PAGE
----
Film Scouts Diaries

2003 Karlovy Vary Film Festival Diaries
CZECHING A FEW STEPS IN KARLOVY VARY --- Step 1 – Kafka Is Alive and Well

by Henri Béhar

Karlovy Vary, Czech Republic, July 4 -- The Karlovy Vary Film Festival is alive and well and kicking ass at 38. More people come from around the world, more A-films are being shown, a film mart is developing fast -- all of which, even in these politically shifty times, is making it an increasingly not-to-be-missed film event. It is pretty rare now, come early summer, not to bump at your local airport into someone also heading for the festival.

The plane from Paris being delayed for some reason or other (no explanation, as usual), a whole bunch of reporters spent "quality" time at Charles de Gaulle's new terminal trying to make sense of the 200+ films we were about to see (or try and avoid). Despite many expressos and soft drinks, most of us fell asleep before the plane took off and woke up only as we landed in Prague.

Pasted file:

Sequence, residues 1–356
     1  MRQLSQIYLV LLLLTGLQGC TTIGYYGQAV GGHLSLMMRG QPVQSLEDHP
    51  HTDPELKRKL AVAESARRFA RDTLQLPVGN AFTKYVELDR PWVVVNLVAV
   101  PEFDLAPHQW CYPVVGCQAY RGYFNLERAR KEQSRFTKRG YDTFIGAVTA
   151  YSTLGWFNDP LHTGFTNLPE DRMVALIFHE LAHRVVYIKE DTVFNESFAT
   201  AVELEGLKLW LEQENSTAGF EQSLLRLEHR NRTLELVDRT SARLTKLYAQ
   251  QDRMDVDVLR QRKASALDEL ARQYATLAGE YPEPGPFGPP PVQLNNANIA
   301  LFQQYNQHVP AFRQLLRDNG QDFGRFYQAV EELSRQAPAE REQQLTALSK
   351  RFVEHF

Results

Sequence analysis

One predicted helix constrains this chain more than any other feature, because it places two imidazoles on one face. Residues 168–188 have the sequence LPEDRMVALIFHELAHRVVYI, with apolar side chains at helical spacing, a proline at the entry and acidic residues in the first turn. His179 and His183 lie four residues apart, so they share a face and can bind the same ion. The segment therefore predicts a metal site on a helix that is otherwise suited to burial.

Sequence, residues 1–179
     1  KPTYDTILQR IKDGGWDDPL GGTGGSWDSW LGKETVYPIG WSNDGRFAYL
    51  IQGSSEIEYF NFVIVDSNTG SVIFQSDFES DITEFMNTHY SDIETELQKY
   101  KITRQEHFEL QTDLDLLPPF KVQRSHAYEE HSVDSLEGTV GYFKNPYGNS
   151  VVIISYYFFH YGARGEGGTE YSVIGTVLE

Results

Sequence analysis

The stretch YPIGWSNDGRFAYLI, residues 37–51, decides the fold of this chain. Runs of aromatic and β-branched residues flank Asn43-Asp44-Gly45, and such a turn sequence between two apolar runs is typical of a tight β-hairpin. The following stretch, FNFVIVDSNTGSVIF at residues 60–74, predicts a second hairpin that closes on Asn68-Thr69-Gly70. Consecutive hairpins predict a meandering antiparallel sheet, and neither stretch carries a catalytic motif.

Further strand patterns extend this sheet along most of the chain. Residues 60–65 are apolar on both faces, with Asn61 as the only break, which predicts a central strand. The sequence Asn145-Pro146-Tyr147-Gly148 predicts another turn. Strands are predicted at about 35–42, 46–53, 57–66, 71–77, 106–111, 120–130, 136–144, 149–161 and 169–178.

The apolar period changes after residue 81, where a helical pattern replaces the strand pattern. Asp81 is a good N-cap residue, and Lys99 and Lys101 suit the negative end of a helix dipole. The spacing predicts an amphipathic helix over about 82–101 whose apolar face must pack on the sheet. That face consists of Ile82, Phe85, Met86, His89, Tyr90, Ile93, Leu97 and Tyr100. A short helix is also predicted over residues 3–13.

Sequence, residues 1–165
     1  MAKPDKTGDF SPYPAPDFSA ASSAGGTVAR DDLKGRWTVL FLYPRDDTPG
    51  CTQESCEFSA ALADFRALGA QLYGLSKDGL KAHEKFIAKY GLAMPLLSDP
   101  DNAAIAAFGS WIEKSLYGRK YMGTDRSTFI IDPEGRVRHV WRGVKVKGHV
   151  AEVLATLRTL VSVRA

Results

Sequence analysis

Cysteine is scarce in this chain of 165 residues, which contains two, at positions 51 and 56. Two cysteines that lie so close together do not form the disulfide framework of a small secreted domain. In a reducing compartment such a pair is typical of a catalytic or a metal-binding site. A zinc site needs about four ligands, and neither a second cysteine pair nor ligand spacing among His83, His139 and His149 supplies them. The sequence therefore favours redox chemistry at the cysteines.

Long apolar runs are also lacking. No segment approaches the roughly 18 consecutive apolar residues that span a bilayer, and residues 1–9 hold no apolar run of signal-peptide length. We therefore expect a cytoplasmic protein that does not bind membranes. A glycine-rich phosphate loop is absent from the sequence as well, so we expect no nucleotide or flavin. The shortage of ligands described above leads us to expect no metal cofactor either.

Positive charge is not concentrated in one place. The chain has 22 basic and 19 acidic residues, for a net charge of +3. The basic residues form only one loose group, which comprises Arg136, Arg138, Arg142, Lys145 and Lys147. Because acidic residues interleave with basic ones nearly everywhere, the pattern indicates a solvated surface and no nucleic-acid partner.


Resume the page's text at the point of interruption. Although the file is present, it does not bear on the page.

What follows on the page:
Driving from Prague to Karlovy Vary, a hundred miles west toward the German border, is always kind of fun. The scenery keeps changing from year to year and Czechs sometimes drive more idiosyncratically than Italians on speed. Arriving in Karlovy Vary, however, is to enter Dreamland. The old Carlsbad architecture is still there, most of it being actively renovated – a sure sign, perhaps, that the prospect of soon joining the European Union is already creating turmoil in the real estate industries. The stately mansions that once welcomed imperial guests from all over Eastern Europe now also house the visiting stars (la nouvelle aristocracy, perhaps?) and often have their own screening rooms.

Some things don't change, though. A western guest was given room 1123 at the Thermal Hotel, where most of the event takes place. He did what he was supposed to do: he went up to the 11th floor but when he stepped out of the elevator and looked at the signs, he realized there was no room beyond 1122. He still walked to the end of the corridor, discovered there was a room 1125 which was only a shower. After much toing-and-froing, he discovered his room sandwiched between rooms 1110 and 1112. Apparently, room 1124 has yet to be found.

His bemused comment: "Now I understand why Franz Kafka could only come from here."

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